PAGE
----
Molly. Christy. Jennifer.

These were the names of the three ladies who shared their stories at the Women’s Addiction Recovery Manor this afternoon during a Christmas reception they had to thank our church members for bringing the items for their Christmas dinner (for the 115 residents who live there).

“My name’s Molly and I’m a drug addict…”

“My name’s Christy and I’m an alcoholic…”

“My name’s Jennifer and I’m a drug addict alcoholic…” each one began and was greeted by a chorus of “hello…”

Only three ladies shared, but each of the 115 ladies has a story that is uniquely her own. The stories we heard all had normal beginnings. Each took a devastating turn somewhere in the middle of life. All three are mothers. All three have loved, were loved, are loved. Each of the three spoke clearly and well. All now have a chance to start again with life.

Whenever someone stands up and tells his or her story, I’m immediately tuned in. I love to hear stories of lives lived. I love to know what brought a person to the place where they currently stand. I like to know where people come from, what makes them “tick,” lessons they have learned along the path. Lives are complicated and there are choices made along the way that change paths and affect others. These women told mesmerizing stories.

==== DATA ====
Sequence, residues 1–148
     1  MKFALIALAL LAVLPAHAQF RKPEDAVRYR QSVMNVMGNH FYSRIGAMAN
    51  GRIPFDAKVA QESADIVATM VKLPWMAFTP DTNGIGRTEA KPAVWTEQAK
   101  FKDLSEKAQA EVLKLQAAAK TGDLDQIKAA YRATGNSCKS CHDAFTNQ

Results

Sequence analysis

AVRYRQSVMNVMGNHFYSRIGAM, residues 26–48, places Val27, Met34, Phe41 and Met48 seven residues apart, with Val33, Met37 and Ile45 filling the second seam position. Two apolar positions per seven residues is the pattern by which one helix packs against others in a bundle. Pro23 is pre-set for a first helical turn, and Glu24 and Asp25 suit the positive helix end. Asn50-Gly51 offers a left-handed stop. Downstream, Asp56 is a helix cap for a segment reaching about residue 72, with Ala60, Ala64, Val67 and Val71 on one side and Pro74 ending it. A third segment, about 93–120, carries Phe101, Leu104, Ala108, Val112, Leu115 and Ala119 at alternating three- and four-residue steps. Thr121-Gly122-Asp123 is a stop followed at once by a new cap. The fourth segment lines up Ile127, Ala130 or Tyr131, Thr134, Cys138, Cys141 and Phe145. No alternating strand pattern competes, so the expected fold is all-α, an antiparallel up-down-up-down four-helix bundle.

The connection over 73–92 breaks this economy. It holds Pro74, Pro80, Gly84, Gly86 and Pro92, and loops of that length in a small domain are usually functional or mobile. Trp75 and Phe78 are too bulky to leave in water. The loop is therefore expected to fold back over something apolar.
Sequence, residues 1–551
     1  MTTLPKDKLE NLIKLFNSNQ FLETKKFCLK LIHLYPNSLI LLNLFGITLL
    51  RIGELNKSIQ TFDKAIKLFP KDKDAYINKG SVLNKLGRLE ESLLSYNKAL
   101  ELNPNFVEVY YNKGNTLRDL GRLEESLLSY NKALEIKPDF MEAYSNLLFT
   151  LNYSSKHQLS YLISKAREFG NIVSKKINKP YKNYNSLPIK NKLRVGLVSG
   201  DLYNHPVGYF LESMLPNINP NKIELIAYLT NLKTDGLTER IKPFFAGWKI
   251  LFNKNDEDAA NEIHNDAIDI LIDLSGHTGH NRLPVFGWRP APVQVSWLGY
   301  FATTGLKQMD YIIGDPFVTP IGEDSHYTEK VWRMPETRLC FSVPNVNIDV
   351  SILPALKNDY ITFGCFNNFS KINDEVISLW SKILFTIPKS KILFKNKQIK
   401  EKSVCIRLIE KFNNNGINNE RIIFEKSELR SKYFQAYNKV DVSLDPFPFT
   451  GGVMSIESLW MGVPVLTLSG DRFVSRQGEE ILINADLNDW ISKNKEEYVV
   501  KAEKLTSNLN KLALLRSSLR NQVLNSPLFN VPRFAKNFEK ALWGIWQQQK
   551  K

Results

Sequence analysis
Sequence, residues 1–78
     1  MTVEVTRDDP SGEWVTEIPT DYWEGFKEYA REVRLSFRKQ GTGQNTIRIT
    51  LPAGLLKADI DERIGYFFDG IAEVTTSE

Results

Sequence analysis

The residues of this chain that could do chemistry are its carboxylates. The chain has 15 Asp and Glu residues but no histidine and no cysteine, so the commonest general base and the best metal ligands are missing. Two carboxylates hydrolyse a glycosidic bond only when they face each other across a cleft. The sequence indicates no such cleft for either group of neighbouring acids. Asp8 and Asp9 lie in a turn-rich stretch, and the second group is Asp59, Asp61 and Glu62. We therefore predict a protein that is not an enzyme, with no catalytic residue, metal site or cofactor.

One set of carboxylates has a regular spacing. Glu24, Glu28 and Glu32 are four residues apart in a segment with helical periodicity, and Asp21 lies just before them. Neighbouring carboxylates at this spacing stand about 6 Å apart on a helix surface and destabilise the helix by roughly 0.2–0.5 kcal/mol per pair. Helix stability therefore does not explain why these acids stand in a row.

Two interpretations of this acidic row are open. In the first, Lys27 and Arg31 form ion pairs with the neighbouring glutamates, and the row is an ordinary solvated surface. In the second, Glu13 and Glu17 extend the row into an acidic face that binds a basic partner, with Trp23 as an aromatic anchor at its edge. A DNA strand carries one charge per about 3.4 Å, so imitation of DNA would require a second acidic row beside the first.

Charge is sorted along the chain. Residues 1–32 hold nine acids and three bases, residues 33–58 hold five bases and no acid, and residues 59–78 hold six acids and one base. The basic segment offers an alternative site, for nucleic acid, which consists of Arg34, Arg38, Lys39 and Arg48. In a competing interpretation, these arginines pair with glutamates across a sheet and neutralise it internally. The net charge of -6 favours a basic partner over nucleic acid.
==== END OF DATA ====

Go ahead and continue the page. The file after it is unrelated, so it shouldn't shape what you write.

I was overwhelmed by their gratitude to us. It was almost too much that they were having a reception to thank us. Several of the ladies hugged me and thanked me for coming, for bringing food, for listening and learning. “Oh, thank you…” I feebly replied. Yet, I was aware that this reception wasn’t just for us. It was also for them–a chance to gather, to share stories, to hear each other, to do something as normal as having a Christmas reception.

I’m pretty aware that there are decisions I could have made, places I could have gone that would have caused my life to veer in directions that could have resulted in addiction, conviction, rehab. I’m aware that I’m not better than these women, that I don’t have my life any more together than each of them did at one point during better days. I’m aware that although their struggles are diagnosed, admitted or discovered, I have struggles too.

“You’re never too young…you’re never too old…” Molly said. “Your life can change at any moment.”

It’s true.

“I feel like I have my life back,” Jennifer stated.

My hope is that I was sitting in a room full of women who feel this way. My hope is that each one can finish her story triumphantly. My hope is that in this community, they will continue to encourage and listen to each other.

I also hope their Christmas dinner is incredible!